That was when she found her current pagan group, which had only started in New Paltz a few months prior to her joining. “I think what I liked about it was that it wasn’t specifically Wiccan, wasn’t specifically shaman, but it derived from those practices.” After having been with the group for seven or eight years, she described it as “really a group of country folk who have a lot of heart and soul, and we have a lot of song and dance, but it’s not specifically Wiccan.”
She said members were teachers, psychologists, artists like herself, and even scientists. According to Graf, the scientists get teased on occasion, but in the end she thinks they come “for the same thing that anybody goes to spirituality for — you want to have a more personal connection with something that you just can’t otherwise explain.”
Though not at liberty to share the name of the group, Graf said that after coming up with the name, she and another woman agreed that they were a group of witches: “We’re a coven; it’s just a matter of time before we agree that we’re a coven.” This includes the majority male members, who are also called “witches” and not “warlocks,” as many might think.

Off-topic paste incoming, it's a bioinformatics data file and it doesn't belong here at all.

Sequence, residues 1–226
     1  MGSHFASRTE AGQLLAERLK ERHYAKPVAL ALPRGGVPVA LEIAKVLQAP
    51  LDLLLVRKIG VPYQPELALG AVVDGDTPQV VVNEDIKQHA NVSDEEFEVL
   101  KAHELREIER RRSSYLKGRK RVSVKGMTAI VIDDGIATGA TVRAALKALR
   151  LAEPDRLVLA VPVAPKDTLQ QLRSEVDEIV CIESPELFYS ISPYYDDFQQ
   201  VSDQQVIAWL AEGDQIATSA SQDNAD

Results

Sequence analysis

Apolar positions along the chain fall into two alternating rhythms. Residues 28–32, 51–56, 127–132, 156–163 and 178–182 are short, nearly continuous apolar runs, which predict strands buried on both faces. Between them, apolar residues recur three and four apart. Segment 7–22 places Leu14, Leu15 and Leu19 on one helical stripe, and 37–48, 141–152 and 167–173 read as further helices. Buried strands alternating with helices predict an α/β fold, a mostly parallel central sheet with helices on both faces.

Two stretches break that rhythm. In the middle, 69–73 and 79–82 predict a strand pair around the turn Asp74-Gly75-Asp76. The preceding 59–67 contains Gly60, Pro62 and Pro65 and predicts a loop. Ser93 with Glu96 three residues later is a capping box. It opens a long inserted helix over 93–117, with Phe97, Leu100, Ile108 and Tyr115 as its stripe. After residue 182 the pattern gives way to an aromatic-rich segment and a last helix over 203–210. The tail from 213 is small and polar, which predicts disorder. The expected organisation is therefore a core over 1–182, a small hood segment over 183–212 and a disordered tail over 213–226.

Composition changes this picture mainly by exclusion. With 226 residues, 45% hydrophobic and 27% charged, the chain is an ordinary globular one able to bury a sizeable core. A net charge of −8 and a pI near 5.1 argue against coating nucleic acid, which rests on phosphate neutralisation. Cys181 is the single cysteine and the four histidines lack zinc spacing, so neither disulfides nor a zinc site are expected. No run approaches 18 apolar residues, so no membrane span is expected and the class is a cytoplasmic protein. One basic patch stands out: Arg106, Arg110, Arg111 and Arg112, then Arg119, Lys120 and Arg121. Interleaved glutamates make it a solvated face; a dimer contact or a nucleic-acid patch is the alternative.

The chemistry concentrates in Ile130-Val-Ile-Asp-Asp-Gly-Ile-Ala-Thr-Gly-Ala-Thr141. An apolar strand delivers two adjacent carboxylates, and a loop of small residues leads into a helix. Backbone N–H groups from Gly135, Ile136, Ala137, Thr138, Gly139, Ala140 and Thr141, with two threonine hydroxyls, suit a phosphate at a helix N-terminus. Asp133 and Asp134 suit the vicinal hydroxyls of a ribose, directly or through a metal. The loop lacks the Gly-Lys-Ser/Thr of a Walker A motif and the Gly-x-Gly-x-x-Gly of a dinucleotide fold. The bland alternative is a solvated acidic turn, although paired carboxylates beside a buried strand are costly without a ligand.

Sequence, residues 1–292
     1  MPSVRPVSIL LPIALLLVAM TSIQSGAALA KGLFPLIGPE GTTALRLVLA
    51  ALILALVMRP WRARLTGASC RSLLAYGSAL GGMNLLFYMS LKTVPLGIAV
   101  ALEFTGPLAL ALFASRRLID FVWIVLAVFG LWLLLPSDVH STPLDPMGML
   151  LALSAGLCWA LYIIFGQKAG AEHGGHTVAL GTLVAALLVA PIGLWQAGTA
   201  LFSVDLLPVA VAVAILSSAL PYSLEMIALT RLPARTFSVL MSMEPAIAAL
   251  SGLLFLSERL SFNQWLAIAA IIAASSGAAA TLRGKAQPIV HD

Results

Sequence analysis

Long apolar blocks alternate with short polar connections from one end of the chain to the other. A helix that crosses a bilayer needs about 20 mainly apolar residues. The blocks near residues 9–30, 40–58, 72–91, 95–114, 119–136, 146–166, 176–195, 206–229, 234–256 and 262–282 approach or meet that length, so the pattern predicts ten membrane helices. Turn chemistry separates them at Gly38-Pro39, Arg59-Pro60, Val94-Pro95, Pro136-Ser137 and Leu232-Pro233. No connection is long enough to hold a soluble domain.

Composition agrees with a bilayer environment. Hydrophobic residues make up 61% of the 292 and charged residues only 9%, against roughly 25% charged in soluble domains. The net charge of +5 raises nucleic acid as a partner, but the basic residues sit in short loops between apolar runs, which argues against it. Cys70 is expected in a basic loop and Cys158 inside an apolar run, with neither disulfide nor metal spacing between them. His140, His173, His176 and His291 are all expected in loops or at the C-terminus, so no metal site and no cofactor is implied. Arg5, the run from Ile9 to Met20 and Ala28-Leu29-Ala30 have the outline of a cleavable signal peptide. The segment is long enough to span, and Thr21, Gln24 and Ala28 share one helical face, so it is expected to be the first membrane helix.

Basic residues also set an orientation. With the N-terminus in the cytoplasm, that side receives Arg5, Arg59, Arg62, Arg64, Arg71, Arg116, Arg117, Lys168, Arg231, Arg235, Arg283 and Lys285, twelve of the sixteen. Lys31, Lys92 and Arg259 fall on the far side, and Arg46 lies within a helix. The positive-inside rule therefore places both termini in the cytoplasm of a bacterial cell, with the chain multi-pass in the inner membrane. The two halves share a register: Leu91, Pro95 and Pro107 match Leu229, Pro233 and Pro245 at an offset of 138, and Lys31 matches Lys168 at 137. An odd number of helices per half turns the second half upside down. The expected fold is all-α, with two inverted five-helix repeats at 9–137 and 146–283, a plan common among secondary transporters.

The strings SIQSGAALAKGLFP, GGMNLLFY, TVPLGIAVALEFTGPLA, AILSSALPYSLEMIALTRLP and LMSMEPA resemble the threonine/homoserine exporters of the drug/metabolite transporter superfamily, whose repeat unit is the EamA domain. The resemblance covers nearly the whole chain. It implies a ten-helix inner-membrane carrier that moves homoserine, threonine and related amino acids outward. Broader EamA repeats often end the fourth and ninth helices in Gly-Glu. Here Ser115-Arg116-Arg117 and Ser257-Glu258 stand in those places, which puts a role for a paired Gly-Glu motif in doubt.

Graf liked that members of the group had varying beliefs; sometimes deities were involved, but they didn’t have to be. While most Wiccans believe in a goddess and god (the divine feminine and the divine masculine), whether separate deities or two aspects of one deity, Graf felt more comfortable in her new group “not dedicated to a worship of deity.”
A Philipstown resident who has also been a member of Graf’s group belongs to the Reclaiming Tradition, which seeks to reclaim the name of “witch” from its negative history and espouses living in harmony with the earth politically as well as personally and spiritually, in such movements as eco-feminism and permaculture.
The Reclaiming Tradition might not adhere to all the forms of traditional Wicca, but it does observe the Wiccan Rede, or law — “Do what you will, but harm none” — as well as the general idea that every action has repercussions. The Wiccan Law of Threefold Return states that everything a person does will come back to that person threefold, encouraging benevolent action. “The more love you send out, the more love you get,” she said.
This witch, who wished to remain anonymous, said Reclaiming witches believe in the immanence of the divine in all things, that everything is sacred and interconnected.
As an example of the flexibility of the Reclaiming Tradition, this witch referenced described the spring festival of Beltane, which occurs halfway between the spring equinox and summer solstice and is often associated with the maypole and fertility.
She noted that while Beltane is widely observed by the pagan community, she created her own ritual for the celebration, in which each participant is given a lump of clay to which is transferred love for the earth in return for the love received later at the harvest. People can decorate the clay or shape it any way they wish, but then they leave it on the ground so that the rain can wash the love back into the earth, encouraging growth.